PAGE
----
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Laying Patio Tile

An outdoor tile surface comes under a good deal of stress, so use the best-quality materials available for each step. Talk with your tile dealer about specific products that will perform best outdoors. Don’t give water any chance to enter or hide beneath your tiled surface. Pack the grout joints as tightly as possible, then seal them carefully. Renew the grout sealer and caulk or sealant in expansion joints regularly.

Tools: Notched trowel, snap cutter or wet saw, rubber mallet, grouting float, sponge.

1. Apply an isolation membrane. A trowel-applied isolation membrane is a caulklike substance that never fully hardens. It forms a layer that separates the tile from the patio, making it less likely that cracks in the concrete will translate to the grout and tile. Apply it with the notched side of the trowel, then smooth it with the flat side.

2. Dry-set the tiles. Allow the isolation membrane to cure. Lay the tiles in a dry run over at least part of the surface before mixing any adhesive; this is particularly important if you will be setting tiles in a pattern. If the patio is slightly out-of-square, dry-setting gives you a chance to judge how best to arrange and cut tiles.

3. Use a wet saw. For thick tile or stone, or to cut inside corners accurately, rent a wet saw. It quickly and cleanly slices through the hardest of materials, even granite. To keep the blade from getting dull, keep water running on it at all times.

4. Apply the mortar. Use thin-set mortar mixed with a liquid latex additive. Apply the mortar in two steps. Trowel on a smooth base coat, about 1/2 inch thick. Then comb the surface with the notched side of the trowel, taking care that the notches do not penetrate through to the concrete base. Use long, sweeping strokes.

5. Set the tile. Give each tile a twist as you push it into the adhesive. Take care not to slide the tile into position. Use spacers to keep the tiles aligned. If the tiles are not flush, use a beating block and hammer or a rubber mallet to gently tap them into alignment.

Expansion Joints - Tile is going to expand and contract on a patio installation even more than it will indoors. You can minimize damage due to this movement by placing expansion joints between tiles no more than 16 feet apart and wherever the tile meets another surface, such as the foundation of the house or stairs. Ideally, an expansion joint should fall over a similar joint in the concrete pad. After grouting the other joints, fill the expansion joints with caulk or sealant.

6. Grout the joints. Allow time for the adhesive to set (usually one or two days). Mix the grout of your choice, using latex additive to keep it from cracking later on. Push the grout into the joints with a grouting float, making sure you move the float in at least two directions at all points. Once the joints in a small section are fully packed, scrape with the float held nearly perpendicular to the tiles to remove as much waste as possible. Clean the grout from the tile surface and make smooth grout lines, first by laying a wet towel on the surface and pulling it toward you, then by wiping carefully with a damp sponge. Sponge-clean the surface several times. After the surface has dried, buff with a dry towel.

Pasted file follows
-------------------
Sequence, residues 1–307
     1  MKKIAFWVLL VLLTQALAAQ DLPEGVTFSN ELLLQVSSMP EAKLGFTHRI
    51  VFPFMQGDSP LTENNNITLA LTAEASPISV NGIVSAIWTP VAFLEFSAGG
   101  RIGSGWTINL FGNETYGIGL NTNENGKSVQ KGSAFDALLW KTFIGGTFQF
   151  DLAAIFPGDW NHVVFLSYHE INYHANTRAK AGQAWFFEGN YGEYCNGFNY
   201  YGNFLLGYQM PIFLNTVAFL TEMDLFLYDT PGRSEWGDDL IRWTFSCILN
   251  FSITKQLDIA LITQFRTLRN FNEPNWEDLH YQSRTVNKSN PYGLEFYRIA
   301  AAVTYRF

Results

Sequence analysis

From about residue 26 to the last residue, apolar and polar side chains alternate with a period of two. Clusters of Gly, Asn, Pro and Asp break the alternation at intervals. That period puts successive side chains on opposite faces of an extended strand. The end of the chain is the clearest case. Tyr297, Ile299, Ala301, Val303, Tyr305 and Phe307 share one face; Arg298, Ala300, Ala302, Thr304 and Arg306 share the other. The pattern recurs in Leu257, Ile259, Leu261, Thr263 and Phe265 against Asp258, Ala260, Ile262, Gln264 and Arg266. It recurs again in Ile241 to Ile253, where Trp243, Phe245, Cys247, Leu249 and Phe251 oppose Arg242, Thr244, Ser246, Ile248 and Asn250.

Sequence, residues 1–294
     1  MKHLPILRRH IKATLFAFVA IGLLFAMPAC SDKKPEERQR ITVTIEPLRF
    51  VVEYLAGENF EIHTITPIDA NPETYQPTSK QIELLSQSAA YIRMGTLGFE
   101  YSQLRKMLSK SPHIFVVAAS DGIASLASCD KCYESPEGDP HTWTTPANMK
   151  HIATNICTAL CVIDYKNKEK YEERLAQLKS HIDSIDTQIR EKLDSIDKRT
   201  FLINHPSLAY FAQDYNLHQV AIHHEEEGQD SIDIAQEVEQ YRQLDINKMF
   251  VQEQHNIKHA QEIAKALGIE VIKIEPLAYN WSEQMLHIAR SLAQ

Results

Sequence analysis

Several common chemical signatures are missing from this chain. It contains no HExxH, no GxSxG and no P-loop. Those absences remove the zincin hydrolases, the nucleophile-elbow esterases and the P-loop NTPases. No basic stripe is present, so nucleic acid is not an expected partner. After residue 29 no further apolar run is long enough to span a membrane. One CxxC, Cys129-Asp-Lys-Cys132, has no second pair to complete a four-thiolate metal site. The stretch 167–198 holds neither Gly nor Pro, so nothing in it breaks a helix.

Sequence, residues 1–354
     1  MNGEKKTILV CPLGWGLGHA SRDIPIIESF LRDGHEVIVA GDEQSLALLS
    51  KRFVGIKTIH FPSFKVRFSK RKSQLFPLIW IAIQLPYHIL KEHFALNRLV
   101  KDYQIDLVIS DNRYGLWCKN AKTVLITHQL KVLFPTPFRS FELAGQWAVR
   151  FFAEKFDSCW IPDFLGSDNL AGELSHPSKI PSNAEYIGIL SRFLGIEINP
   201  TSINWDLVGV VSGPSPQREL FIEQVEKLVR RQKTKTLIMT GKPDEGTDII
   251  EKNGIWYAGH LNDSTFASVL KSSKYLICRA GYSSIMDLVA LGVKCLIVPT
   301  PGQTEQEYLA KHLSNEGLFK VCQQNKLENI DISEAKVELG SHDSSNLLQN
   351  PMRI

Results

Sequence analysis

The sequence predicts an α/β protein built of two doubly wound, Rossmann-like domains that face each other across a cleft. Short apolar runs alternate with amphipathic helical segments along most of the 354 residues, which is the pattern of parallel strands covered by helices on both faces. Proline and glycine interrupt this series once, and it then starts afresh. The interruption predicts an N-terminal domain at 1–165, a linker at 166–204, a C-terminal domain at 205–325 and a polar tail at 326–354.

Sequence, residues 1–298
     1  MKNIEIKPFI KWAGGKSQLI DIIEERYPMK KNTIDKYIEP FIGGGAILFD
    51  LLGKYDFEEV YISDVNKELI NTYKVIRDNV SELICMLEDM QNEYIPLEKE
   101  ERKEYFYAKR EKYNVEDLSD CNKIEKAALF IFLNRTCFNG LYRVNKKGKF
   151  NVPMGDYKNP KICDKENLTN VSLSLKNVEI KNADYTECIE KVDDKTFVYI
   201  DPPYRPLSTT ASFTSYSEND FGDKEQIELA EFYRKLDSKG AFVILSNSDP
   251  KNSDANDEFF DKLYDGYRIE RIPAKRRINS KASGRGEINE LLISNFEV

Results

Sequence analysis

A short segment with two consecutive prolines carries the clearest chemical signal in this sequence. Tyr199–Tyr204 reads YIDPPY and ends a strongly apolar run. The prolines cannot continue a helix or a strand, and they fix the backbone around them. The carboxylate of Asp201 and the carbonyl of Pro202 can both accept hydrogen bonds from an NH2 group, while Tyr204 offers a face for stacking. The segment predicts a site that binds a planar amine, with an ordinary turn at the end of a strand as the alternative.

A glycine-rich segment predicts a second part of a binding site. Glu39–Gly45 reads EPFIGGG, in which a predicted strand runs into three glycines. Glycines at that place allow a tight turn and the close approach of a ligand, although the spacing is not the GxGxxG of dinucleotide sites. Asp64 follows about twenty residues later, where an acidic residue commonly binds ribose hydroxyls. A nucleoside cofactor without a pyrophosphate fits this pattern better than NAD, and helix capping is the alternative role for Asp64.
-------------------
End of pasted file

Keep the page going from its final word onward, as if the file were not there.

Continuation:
7. Caulk the expansion joints - Choose a caulk or sealant that closely matches the grout in color. Clean the joints of any adhesive that may have been squeezed up, then clean and vacuum the joint. Run a neat bead of caulk or sealant along the expansion joints. Shape the joints, if you like, with the back side of a spoon, a dampened rag, or your finger.

Tiling Outdoor Steps

Although not often seen today r\ in new construction, tiled stairs have a long and rich history. You can add tile to both the risers and the treads of a concrete stairway. On a wood stairway, a popular choice is to install tiles on the risers only. Risers are not stepped on, so they can be covered with thin wall tiles if you prefer. Cover the entire riser, or use a few decorative tiles to accent. Large, unglazed paver or quarry tiles are attractive for exterior treads. The tiles should be at least 1/2 inch thick and slip resistant. Special bullnose tiles are available that can extend over the riser. Install riser tiles before you install the tread tiles.

Tools: Tape measure, saw, hammer, drill, tiling and grouting tools.

Prepare concrete stairs. Concrete stairs are the best surface for tile. But the concrete must be in solid condition, with no major cracks or other structural damage. Seal small cracks with a concrete patching compound. Repair damaged edges by chipping away any loose concrete, then sweeping and wetting the area. Place a board along the damaged area, then fill it with patching compound or fresh mortar. Smooth with a trowel and allow to set.

Tiling concrete stairs. The most professional installation calls for a new mortar setting bed applied over the entire surface. But you can also tile over concrete stairs following the general guidelines for a concrete patio. Remove oily stains and make sure that the concrete does not contain curing compounds. Spread a trowel-applied isolation membrane before setting tiles. Use bullnose and cove tiles as shown to strengthen the edges and make cleanup easier.

Caution! Safe Stair Dimensions - Before tiling over stairs, make sure they are safe. The treads, the surface you step on, should be about 11 inches deep, although for exterior stairs it is often recommended that they be deeper. The riser, the vertical element between treads, should be about 7 inches high. Check with your building department if you are not sure about your stair dimensions.

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